Senators urge al-Megrahi hearing
US senators who want a hearing into the Lockerbie bomber's release have been urged to sign a letter asking the Scottish Government to hold its own public inquiry into the tragedy.
The Justice for Megrahi Committee, a group of campaigners who believe Abdelbaset al-Megrahi may have been the victim of a miscarriage of justice, wants Holyrood ministers to launch a probe into the full circumstances of the affair.
It has already petitioned the UN General Assembly for an inquiry into the bombing of Pan-Am flight 103 in 1988 which killed 270 people, as well as the trial at Camp Zeist in the Netherlands which saw the Libyan convicted of the atrocity.
The group has invited US Senators Kirsten Gillibrand, John Kerry, Frank Lautenberg, Robert Menendez and Charles Schumer to sign the letter sent to the Scottish Government just over a week ago.
Senator Menendez, a Democrat, was due to chair the US Senate Foreign Relations Committee hearing into the release of the Lockerbie bomber. It was postponed after key witnesses including former Justice Secretary Jack Straw, Scottish Justice Secretary Kenny MacAskill and First Minister Alex Salmond turned down requests to attend.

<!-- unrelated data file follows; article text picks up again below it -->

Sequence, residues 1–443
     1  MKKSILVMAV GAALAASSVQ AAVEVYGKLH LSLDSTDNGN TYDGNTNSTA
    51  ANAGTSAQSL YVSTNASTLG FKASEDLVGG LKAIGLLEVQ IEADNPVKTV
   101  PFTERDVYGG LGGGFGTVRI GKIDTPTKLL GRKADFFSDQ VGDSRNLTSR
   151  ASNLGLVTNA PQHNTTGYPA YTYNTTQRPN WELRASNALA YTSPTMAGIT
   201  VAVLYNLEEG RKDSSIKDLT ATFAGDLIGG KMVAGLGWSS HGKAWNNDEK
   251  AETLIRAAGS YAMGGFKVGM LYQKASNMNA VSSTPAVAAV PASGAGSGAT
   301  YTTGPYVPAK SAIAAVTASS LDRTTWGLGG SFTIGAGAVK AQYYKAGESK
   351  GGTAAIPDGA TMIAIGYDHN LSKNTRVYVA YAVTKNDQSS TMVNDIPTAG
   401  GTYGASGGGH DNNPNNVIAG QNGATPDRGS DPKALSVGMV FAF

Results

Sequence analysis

The letter, written to Scotland's First Minister, Alex Salmond, and Justice Secretary Kenny MacAskill by Robert Forrester on behalf of the Justice for Megrahi committee, claimed that "current attacks from the USA and within the UK" have led to suggestions that the Scottish Government might hold its own inquiry.
Mr Forrester said the group's call for an inquiry had been backed by Dr Jim Swire, whose daughter Flora died in the Lockerbie tragedy, as well as Archbishop Desmond Tutu, Private Eye editor Ian Hislop and Professor Robert Black, who has been a high-profile critic of Megrahi's conviction.
Cancer-stricken Megrahi was released from Greenock jail on August 20 last year. He had been given three months to live, but is living with his family in the Libyan capital, Tripoli.
The US Senate foreign relations committee wants to investigate the suspicions of some that oil giant BP may have had a hand in the release. The committee said it is ready to send members to the UK to question British witnesses over Megrahi`s release.
In the letter to the senators, Mr Forrester wrote: "An inquiry will no doubt bring with it embarrassment for some as it calls into question their reputations. However, if justice is regarded as a tool with which to achieve expedient results and defend human frailties by obscuring the truth, we are all in a very sorry state indeed. We do not seek retribution, we seek the truth. The ghosts of Lockerbie must be laid to rest."